Two thirds of the way in - its bulky two chord drone mightily collides with a “guitar solo” that consists of feedback bursts, carefully bleeding with all the right curves. Cave’s guitar solo aligns itself with the emotional passion of old blues players by refreshingly setting aside pompous ideas of “proficient musicianship” and thrives forward in a needed primal ferocity that has reshaped the way he interacts with process and performance …

Jim Sclvunos (drummer): He's never played guitar before. I think he might have played acoustic on one obscure Bad Seeds b-side, but I don't think I've ever even heard that song. He was visiting New York and I took him to a guitar shop in midtown Manhattan which was guitar heaven and he spotted an old Strat on the wall, and he said 'I want that one.' This was a month before the Grinderman sessions started, and he was buying a guitar to teach himself to play so he could try writing some songs, rather than playing on the piano like he usually does. He was so shy about getting the guitar that he didn't dare play in the shop. When the guy asked him if he wanted to plug it in, he was like 'No, no, just wrap it up.' He was quite the novice. I think he was imaging that we were going to get another guitar player, but the band were unanimously adamant that he was playing the guitar. We saw right away that he started singing the songs and approaching the song writing in a different way, and it was another thing that was going to distinguish Grinderman from the Bad Seeds, which was the point.

Tuesday, January 15, 2008

Power, Corruption and Peter Saville

A recently acquired copy of New Order’s 1983’s Power Corruption and Lies on vinyl got me really excited about Peter Saville. Listening to some interviews made it apparent to me that not only were some of his design ideas relevant in the early to mid eighties, they might prove to shine a light on the needs of design today.

We've seen a flourish and explosion of “throw it all into the mix” pluralist design that’s been floating around for the last few years that I find extremely stimulating, but found myself surprisingly seduced when Saville made the comment that:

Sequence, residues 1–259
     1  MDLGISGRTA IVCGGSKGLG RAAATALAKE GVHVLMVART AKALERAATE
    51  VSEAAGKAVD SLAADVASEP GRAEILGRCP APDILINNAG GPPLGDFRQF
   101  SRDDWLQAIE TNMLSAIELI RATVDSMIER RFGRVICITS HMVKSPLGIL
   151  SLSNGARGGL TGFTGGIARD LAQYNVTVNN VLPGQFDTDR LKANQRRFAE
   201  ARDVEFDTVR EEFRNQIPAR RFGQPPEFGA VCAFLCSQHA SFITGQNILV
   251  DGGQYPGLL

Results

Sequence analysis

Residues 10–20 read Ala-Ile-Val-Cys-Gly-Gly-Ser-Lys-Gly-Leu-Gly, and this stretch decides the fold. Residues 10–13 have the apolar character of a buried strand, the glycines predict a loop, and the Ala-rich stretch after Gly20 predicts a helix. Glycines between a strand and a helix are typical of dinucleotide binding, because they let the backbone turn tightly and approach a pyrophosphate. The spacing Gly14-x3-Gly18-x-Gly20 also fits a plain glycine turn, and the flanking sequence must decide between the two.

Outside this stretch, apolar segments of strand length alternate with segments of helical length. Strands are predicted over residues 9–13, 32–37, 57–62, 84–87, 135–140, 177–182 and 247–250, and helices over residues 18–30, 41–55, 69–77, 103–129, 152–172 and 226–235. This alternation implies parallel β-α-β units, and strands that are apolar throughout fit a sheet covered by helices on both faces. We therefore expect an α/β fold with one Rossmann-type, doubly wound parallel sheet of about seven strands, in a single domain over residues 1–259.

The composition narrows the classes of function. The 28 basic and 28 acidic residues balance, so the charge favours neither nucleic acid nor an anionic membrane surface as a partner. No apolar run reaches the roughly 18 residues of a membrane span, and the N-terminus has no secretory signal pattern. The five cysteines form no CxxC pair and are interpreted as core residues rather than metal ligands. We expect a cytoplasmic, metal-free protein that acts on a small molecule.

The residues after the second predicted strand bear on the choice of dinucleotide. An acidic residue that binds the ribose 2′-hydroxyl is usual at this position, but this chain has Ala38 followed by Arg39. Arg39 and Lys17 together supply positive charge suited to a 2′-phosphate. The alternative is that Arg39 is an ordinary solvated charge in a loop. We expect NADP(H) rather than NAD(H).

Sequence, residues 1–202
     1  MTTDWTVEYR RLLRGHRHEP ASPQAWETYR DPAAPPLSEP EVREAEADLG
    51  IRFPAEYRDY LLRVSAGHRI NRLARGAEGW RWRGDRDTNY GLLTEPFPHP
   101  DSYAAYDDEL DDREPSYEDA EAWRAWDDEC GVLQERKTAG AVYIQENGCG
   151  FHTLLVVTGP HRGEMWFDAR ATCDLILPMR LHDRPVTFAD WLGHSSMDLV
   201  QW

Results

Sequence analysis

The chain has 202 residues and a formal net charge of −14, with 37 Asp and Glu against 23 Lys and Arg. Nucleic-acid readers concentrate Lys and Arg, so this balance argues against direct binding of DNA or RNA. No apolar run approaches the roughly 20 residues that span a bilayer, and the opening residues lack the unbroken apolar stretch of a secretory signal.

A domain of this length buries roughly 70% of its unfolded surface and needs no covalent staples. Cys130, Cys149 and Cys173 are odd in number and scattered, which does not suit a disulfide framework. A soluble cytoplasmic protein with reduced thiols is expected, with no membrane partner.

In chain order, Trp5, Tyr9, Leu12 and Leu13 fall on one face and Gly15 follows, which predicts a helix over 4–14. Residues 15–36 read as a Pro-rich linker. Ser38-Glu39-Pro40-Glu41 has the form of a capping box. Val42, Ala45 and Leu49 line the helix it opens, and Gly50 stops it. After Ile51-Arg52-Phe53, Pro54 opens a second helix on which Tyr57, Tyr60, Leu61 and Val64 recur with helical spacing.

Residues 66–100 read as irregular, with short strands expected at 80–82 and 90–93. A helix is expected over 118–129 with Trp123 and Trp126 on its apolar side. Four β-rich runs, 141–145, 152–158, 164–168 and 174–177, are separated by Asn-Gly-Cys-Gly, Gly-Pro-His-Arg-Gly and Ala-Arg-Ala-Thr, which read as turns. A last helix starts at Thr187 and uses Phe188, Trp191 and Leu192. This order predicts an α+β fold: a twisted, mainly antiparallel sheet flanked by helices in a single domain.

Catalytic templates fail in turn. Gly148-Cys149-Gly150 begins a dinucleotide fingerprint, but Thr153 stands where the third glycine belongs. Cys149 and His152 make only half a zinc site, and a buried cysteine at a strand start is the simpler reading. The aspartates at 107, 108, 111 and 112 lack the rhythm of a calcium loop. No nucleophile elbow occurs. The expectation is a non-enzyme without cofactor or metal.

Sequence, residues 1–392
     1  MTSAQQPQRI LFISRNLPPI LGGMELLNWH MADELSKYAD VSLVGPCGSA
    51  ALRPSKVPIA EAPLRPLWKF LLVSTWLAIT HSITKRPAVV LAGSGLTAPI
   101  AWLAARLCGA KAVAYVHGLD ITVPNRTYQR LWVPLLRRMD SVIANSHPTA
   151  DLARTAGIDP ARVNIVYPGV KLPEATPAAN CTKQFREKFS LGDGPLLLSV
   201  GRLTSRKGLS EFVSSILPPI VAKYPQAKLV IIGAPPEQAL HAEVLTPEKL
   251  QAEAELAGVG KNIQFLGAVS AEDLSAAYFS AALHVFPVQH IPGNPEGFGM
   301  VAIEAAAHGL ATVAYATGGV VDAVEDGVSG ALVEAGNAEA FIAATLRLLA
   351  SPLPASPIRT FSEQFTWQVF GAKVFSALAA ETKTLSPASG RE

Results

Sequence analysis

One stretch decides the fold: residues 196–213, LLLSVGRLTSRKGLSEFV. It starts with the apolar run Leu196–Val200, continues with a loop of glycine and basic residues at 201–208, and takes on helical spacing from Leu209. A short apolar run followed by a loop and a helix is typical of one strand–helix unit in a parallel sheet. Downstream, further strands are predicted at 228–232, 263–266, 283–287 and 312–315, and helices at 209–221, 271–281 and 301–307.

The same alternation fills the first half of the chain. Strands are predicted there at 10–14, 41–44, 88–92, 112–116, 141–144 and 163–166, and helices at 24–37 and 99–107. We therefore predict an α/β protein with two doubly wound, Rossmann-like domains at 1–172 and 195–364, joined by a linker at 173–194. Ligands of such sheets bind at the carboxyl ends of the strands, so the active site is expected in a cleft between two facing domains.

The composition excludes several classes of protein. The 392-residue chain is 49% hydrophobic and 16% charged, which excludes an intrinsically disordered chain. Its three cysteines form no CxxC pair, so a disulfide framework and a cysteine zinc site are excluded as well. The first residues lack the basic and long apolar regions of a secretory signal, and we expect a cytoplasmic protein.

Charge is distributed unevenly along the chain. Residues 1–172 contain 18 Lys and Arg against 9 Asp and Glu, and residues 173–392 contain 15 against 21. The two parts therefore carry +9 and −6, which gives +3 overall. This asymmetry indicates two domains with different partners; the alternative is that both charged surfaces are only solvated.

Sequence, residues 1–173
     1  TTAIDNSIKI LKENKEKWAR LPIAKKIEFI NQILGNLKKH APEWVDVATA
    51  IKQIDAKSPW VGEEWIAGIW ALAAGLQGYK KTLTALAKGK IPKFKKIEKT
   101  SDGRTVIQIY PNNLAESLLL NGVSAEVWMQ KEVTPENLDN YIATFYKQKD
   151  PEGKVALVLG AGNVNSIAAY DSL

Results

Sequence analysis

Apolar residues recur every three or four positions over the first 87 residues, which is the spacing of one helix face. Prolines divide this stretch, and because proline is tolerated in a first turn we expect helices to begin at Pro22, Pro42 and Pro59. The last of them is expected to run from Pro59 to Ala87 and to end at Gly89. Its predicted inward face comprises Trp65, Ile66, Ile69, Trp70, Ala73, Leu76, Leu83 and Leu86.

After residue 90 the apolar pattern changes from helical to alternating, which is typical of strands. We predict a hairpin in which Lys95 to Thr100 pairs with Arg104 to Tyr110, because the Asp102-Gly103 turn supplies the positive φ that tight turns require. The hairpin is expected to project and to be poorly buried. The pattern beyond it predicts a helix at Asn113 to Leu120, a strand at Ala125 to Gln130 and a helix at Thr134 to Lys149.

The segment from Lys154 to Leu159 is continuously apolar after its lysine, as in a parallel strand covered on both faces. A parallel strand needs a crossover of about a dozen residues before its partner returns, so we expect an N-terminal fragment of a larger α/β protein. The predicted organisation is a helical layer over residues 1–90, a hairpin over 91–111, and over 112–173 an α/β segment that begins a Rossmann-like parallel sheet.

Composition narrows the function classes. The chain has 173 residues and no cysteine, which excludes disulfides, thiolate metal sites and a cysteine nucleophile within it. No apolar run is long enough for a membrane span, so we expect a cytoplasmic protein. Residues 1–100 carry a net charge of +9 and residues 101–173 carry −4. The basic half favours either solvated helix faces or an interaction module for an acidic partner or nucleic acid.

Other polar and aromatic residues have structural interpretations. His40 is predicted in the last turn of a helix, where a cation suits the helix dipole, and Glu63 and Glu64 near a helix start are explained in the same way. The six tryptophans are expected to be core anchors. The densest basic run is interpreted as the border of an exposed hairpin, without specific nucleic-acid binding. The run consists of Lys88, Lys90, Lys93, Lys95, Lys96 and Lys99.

I find Postmodern pluralism confusing, some aspects of pluralist culture kind of troubles me. Philosophically I like it, but systematically I’m a bit narrow at times. So, I’m quite a purist about things and I quit like bringing 2 different things together, but I’m not so comfortable in bringing 4 or 6 – to a point where we’re not sure what anything is anymore”.

There are some examples of irreverent juxtapositions in my work, my favorite cover is Power Corruption and Lies, but … it’s only stereo, not multi-channel. I find multi-channel fascinating, but I can feel a bit insecure with it sometimes”.

The cover, which is best seen on the twelve by twelve inch vinyl, has an old Henri-Fantin Latour painting, not a inch of type (band name or name of the record!) and a mysterious color code bar on the upper right corner.

Flipping it reveals (…die cuts and all) a frigid reproduction of a floppy disk image with another cryptic color assembly that is the key to the whole typographic affair.

Start from top green (A) down the 26 segments and you have the alphabet (sometimes one letter is a double color … and apparently the inside colors don’t matter). This helps decode the inner sleeves colors and ultimately spells out the name of the band and it’s release.

The design seems like a great example of being able to bring the right elements together. There is a maturity and calm refinement in how the design is able to project confidence that becomes less about how design can *visually dazzle us*, but one of smart juxtaposition and effective thinking. The Postmodern tendencies are still living in the choices of reference (as did most of his early Factory output) but the select few prove to be tremendously effective. Saville describes it as "romantic idealism juxtaposed against the modern, the technical, and the cool since one part is just incredibly florid and nostalgic whereas the other is completely cool and hard-edged. Working in a kind of curatorial way, bringing together old and new."

It seems that, in the scope of his output, Saville is able to occupy a world where Modernist foundations are referenced and respected while being able to push a few extra buttons that re-contextualizes the work in the here and now.